View from City Road: Networks dodge the PIA net

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The Independent Online
We have all heard about tax avoidance, but how about regulatory avoidance? This is not an idle question as far as the Personal Investment Authority is concerned.

The PIA was set up to improve the policing of financial sales forces. One of the welcome side-effects is that it is rechecking the credentials of every firm in the industry. Either they apply for authorisation, or they have to go out of business. There were supposed to be no free rides for independent financial advisers; membership of Fimbra, the previous regulator, is not a passport to the PIA.

But now it emerges that hundreds of IFAs have decided against applying to join the PIA, and are instead asking to join one of the existing networks of advisers. This is partly because PIA rules do not allow for the continuation of sole practitioners; the so-called 'four eyes' rule requires at least two people for an organisation to gain authorisation. In other cases, however, the networks may be used as a simple regulatory dodge.

Joining a network allows advisers to stay in business without applying directly to the PIA. Networks are able to obtain a single authorisation on behalf of all their members. It amounts to the PIA franchising out part of its regulatory job.

This is not necessarily a bad thing. The networks have a powerful interest in vetting applicants themselves. If just one of their members gets into trouble, it could result in the entire network losing its authorisation. So they will try their best.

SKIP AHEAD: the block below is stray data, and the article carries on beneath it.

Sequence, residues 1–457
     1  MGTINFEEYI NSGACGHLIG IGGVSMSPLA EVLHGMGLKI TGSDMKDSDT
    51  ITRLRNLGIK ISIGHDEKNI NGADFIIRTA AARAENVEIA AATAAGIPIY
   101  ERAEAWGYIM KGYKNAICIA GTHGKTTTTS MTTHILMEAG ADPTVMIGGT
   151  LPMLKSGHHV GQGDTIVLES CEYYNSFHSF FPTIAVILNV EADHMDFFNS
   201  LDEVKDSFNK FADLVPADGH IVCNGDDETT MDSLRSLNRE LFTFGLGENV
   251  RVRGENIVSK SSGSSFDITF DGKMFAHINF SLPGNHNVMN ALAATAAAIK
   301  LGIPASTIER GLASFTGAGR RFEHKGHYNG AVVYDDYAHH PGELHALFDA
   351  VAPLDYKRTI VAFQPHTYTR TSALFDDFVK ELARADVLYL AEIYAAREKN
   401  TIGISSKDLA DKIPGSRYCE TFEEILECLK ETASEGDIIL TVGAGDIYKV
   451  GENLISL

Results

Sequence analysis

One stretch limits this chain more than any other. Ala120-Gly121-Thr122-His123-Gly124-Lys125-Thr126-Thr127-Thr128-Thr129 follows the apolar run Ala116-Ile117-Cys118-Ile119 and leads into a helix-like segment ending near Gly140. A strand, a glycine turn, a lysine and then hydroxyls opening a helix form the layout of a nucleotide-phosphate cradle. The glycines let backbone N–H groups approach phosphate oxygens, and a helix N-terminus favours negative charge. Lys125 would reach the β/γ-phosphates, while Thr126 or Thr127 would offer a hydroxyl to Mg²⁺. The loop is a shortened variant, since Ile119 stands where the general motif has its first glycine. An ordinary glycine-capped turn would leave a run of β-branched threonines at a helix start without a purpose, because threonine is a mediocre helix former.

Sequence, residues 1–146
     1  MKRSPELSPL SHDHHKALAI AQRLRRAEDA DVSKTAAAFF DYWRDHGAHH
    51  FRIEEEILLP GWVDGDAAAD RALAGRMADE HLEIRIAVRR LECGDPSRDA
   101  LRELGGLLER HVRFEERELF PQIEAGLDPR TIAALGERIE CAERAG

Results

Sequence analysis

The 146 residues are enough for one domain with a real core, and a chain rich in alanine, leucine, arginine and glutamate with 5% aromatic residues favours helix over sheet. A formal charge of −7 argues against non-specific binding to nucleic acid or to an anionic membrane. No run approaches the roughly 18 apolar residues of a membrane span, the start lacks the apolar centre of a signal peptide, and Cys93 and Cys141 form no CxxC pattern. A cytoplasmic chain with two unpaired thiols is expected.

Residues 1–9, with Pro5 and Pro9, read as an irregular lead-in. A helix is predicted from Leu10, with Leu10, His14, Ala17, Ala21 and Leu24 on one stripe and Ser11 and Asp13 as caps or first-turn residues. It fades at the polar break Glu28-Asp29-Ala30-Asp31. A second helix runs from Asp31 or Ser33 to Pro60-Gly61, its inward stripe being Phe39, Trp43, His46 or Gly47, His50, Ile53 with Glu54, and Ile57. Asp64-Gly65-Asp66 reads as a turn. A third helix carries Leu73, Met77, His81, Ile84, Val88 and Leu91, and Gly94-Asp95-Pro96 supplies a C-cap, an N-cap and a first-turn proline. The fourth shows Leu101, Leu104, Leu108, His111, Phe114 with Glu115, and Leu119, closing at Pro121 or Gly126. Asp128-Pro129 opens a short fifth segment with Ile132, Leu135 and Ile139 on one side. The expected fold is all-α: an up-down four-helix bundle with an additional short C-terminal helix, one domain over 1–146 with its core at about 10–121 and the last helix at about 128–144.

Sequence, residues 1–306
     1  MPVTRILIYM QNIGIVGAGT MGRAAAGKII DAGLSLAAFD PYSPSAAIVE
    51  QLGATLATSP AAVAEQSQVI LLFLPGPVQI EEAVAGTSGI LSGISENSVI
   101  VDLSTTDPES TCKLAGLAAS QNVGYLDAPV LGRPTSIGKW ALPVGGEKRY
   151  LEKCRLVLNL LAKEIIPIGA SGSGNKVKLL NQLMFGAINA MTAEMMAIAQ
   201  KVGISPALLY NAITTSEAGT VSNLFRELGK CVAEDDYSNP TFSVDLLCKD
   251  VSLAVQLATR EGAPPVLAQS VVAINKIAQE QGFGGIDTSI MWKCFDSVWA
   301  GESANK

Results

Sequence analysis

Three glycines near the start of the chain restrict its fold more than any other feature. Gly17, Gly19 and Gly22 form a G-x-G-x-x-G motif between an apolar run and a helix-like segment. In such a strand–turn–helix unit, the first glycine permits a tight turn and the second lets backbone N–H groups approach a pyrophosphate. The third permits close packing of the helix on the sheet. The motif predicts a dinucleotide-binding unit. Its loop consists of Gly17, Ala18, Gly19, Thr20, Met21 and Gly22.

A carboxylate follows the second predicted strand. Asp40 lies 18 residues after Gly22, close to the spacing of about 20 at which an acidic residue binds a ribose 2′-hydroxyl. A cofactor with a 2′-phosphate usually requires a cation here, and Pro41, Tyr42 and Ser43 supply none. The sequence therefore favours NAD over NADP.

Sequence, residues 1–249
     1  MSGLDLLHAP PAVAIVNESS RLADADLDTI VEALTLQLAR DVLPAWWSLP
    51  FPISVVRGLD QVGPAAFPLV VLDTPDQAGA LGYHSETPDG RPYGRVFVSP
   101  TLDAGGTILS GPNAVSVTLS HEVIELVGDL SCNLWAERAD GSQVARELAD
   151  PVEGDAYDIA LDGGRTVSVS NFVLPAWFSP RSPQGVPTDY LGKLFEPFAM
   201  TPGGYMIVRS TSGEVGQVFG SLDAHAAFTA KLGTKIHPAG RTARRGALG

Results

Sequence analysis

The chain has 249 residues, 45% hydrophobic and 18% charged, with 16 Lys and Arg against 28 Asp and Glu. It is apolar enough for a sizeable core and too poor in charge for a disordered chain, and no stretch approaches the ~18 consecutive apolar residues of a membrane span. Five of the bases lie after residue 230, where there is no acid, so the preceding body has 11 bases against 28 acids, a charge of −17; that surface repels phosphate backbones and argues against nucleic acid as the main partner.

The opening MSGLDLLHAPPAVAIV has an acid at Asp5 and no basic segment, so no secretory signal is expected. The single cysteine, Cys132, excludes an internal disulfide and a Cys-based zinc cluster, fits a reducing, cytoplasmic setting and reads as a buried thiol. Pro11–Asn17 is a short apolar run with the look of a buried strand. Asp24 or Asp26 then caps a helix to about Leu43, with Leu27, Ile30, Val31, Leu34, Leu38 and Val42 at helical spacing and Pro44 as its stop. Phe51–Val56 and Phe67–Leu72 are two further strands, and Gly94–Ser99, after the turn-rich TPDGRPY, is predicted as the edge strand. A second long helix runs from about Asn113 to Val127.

Will that be enough? Some of the networks are substantial organisations, comparable with the sales forces of the bigger insurance companies. Once their ranks are swollen with a new influx of intermediaries, the task of ensuring compliance across the network will be that much greater.

Legal & General, for example, has 1,800 self-employed consultants selling its policies, but is slashing the number to 1,000 to save costs, make it easier to control selling standards and avoid the attentions of the PIA. Size is not always an advantage.

The question has to be asked why these IFAs are unable to go to the PIA directly. Are they afraid they will not match its capital and regulatory standards? If that is the case, they should not be in the business of advising the public on finance.

By registering with the networks rather than directly with the PIA, those financial advisers win an extension to last night's deadline, during which they can continue trading, even if eventually the networks find them unacceptable. That cannot be the way this much-vaunted clean-up of the industry was meant to work.